IBM Scientists Reinvent Medical Diagnostic Testing
How can a soggy croissant save your life? In two words, capillary action.
The same scientific phenomena that causes a croissant to soak up coffee or a paper towel to absorb spilled milk has enabled IBM scientists to create a one-step point-of-care-diagnostic test, that can diagnose hundreds of diseases, including one of world's leading causes of death, cardiovascular disease.
Silicon has many uses
Outside of flaky pastries, IBM scientists have re-purposed decades of experience in developing semiconductor wafers to develop a diagnostic test based on an innovative silicon chip that requires less sample volume, is significantly faster, portable and easy to use. The new test intends to give doctors back precious seconds in diagnosing diseases, so they can react in seconds instead of minutes and sometimes hours.
"IBM has vast experience in micro and nano fabrication. We are interested in repurposing this experience in the fields of bio sciences and pharmaceutical research," comments Luc Gervais, one of the scientists working on that project at IBM Research in Zurich.
The diagnostic test is similar to a common pregnancy test where a sample of serum (blood), 50 times smaller than a tear drop, is pippetted onto the chip. In seconds, capillary action takes over pushing the sample through a set of microscopic chambers where it will react with a disease marker bringing to light what doctors need to take a course of action.
The groundbreaking innovation developed by IBM Research - Zurich scientists Luc and Emmanuel Delamarche in collaboration with the University Hospital of Basel in Switzerland is the cover story in the December issue of Lab on a Chip.
All in the chip
The chip, which measures 1 × 5 centimeters, contains sets of micrometer wide channels where the test sample flows through in approximately 15 seconds, several times faster then traditional tests. Uniquely, the filling speed can be adjusted to several minutes when the chip requires additional time to read a more complex disease marker.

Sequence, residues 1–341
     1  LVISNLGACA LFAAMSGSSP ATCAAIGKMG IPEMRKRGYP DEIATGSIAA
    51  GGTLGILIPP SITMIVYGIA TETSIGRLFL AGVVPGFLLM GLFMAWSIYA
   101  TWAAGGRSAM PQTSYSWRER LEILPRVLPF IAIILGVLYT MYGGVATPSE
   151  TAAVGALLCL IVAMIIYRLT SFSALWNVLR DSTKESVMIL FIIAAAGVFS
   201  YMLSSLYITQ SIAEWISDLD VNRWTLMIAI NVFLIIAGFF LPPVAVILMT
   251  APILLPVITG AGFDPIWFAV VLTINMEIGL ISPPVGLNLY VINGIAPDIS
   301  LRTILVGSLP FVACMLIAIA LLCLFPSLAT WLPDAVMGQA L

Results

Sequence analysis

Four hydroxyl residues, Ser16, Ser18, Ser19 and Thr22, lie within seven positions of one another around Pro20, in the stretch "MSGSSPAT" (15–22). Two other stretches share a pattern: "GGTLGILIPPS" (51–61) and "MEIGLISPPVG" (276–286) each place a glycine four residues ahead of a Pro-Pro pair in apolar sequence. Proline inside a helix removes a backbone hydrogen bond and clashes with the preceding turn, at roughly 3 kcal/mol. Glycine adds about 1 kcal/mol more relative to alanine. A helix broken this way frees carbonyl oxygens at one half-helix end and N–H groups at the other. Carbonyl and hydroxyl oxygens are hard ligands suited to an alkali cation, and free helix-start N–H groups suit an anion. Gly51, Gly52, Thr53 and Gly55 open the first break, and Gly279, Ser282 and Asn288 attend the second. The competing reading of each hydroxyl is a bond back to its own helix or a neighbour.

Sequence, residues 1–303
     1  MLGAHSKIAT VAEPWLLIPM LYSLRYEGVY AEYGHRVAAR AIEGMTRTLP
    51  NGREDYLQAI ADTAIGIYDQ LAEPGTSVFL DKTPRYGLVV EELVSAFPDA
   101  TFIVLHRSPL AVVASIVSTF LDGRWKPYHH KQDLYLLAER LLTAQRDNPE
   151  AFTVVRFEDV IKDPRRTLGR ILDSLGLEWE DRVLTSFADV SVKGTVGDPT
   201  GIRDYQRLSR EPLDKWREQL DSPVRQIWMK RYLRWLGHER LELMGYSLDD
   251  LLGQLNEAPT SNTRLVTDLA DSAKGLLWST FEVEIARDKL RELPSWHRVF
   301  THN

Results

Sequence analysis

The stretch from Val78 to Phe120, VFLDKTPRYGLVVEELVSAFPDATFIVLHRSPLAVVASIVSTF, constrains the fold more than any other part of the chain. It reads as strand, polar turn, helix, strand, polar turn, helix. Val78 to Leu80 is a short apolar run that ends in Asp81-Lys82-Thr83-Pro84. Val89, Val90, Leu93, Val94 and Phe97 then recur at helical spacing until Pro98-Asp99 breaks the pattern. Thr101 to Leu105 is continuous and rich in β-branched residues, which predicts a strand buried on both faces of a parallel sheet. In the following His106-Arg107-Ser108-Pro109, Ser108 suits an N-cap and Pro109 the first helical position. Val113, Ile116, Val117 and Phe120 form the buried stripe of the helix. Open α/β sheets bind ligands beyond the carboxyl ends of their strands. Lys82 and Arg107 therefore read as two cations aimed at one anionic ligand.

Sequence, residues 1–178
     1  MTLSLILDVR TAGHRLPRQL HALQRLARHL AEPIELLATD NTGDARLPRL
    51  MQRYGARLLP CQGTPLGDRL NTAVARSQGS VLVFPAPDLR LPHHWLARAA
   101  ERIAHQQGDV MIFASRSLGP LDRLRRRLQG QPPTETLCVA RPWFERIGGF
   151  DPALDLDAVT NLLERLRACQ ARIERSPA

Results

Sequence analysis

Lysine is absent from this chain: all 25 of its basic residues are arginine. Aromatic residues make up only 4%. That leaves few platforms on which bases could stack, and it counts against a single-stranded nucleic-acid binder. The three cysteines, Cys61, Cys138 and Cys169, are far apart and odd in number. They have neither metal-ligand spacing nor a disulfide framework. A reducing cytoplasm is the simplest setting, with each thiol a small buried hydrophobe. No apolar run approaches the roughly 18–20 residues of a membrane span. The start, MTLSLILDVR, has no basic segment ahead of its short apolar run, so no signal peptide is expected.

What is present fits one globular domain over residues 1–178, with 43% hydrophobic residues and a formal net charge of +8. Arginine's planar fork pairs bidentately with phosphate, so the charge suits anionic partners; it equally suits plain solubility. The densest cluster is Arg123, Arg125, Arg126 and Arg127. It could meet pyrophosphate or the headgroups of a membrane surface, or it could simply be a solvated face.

The microfludic chip, which is based on nearly three years of research and development, consists of a microscopic path for liquids with five innovative stages.
"This point of care test has achieved the trifecta for medical staff in that it is portable, fast and requires a very small volume of sample," comments Emmanuel Delamarche, scientist, IBM Research - Zurich. "We hope that with our go to market partners the test will become a fixture for consumers to have in their homes and for businesses to have in their workplaces".
Going to market
Proof positive of IBM's strategy of open collaboration, scientists in Zurich followed a “bench to bedside” strategy where ideas from their lab were tested with academic and healthcare partners. This research also would not have been possible without the generous support of KTI/CTI, an organization which fosters innovation in Switzerland.
"This microfluidic chip is the next step in the evolution of point of care devices. We look forward to working with the scientists at IBM Research - Zurich to develop this innovation even further," said Thierry Leclipteux, Chief Executive Officer and Chief Science Officer, Coris BioConcept. With the support of BioWin, an organization dedicated to promoting human health sciences in the Wallonia region of Belgium, Coris BioConcept intends to work closely with IBM to bring the chip to market.
IBM scientists designed the chip with flexibility in mind in both its form and uses. Due to its small size the chip can be embedded in several types of form factors, depending on the application, including a credit card, a pen or something similar to a pregnancy test. Besides diagnosing diseases, the test is also flexible enough to test for chemical and bio hazards.